I am still plugging away on the wooden deck, one plank at a time.
I discovered a mistake in my initial layout. The planks are 4" wide with 3/16" grout between planks (actually the visible planks are 3-13/16" wide) so I created a template line pattern to help with the layout.
I had finished all of the margin boards and was working on the positions of the grout at the end of each plank when I discovered that some of the plank widths in the template lines were not on 4" centers. I have no idea how this happened, but after examining the template lines I found several places where the plank widths were wrong! Bummer!
Just about all the work since November has to be redone!
I have redrawn the template lines, checked them and double checked. Now I am redrawing the wooden deck.
Also, while working on the wooden deck I have found a few other errors in the placement and dimensions of details.
This is a good example why I stopped work on the real model and decided to complete the CAD model before resuming construction. It is MUCH easier to correct a mistake in CAD and it doesn't waste any materials and money.
I did discover something interesting. I know the wood deck was replaced several times, including once while I was aboard (December 1969 through March 1972). In all the photos from 1959 through 1975 the planks are in the exact same positions. Some of the details of things inset into the wood deck changed, but the positions and lengths of the planks are basically the same.
This is easy to understand. Before the original planks were laid down a series of threaded studs were welded to the steel decks. The studs were spaced at 2' intervals, with a stud close to the end of each plank.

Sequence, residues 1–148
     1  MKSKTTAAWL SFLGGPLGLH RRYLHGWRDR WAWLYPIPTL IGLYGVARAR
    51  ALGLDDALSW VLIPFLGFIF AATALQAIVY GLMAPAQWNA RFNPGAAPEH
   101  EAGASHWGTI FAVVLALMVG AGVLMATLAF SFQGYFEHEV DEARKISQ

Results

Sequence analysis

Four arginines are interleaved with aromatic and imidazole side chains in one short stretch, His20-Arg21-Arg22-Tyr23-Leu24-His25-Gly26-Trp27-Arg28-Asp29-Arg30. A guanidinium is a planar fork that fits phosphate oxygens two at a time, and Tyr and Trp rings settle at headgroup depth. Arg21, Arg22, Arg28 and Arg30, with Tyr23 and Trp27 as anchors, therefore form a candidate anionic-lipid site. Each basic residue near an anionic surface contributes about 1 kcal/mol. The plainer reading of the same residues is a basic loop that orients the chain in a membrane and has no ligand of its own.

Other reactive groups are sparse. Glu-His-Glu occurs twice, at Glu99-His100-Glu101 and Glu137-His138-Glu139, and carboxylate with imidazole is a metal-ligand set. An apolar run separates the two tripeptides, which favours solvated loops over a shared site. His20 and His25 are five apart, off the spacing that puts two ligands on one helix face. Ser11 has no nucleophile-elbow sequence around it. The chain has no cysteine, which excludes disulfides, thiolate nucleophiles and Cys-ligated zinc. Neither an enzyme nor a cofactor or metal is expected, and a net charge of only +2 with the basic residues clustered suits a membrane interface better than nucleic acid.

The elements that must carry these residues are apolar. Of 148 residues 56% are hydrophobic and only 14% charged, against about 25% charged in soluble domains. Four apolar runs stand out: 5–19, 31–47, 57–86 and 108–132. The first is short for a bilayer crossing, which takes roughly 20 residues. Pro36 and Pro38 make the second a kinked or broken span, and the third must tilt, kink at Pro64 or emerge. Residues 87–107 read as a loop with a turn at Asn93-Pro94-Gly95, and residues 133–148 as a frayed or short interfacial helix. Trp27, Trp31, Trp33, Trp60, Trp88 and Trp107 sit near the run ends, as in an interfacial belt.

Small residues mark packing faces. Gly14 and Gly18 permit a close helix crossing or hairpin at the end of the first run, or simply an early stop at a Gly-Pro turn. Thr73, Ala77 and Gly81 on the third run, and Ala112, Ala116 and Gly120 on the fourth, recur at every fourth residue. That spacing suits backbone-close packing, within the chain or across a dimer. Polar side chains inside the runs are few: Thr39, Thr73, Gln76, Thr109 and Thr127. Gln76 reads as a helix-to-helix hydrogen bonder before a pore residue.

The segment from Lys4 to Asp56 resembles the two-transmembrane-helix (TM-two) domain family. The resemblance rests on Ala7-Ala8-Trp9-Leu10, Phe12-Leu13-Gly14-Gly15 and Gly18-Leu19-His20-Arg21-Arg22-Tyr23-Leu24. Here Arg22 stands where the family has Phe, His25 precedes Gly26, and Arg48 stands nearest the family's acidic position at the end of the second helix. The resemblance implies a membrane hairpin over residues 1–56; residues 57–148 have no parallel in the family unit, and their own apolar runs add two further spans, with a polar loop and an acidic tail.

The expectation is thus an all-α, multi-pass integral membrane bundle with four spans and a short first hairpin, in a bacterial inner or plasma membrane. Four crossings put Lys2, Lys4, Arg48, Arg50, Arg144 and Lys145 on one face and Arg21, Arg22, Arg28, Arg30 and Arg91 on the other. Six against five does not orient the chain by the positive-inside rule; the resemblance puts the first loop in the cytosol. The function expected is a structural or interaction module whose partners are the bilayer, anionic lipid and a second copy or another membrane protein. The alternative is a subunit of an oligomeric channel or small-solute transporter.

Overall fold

Each plank had countersunk holes that fit over the studs, and nuts were screwed onto the studs to hold the planks down. After packing was in place around the nuts wooden plugs were driven into the holes - with the grain oriented to match the grain in the planks.
When the deck was replaced all of the planks were ripped up. At this point you had to be careful walking around topside or you would stub your toe on a stud. Then the deck was coated with a type of water tight glue and new planks were laid down over the original studs. So the new planks had to be exactly the same dimensions as the original planks.
This is one of the few details that remained the same from the 1959 missile conversion until the 1979 decommissioning.
Another interesting detail is that the blueprints call for plank lengths to be no less than 18 feet "where practicable." However, in reality they were 16 feet long, and the ends were offset 4 feet from one series to the next, resulting in the ends lining up in every fourth series. The plank ends were aligned with the ship's frames - every four feet. When I discovered this it became easy to draw the individual planks. Of course, in some places the planks were less than 16' long, and short pieces were used.
If you want to observe this process check with the Buffalo and Erie Naval Park. Last I heard they were planning to replace the wood deck on the USS Little Rock museum ship. Not many ships have wooden decks these days, so you don't often get a chance to observe this procedure! Better still, make a contribution to help replace the deck.
A collision at sea will ruin your entire day. Aristotle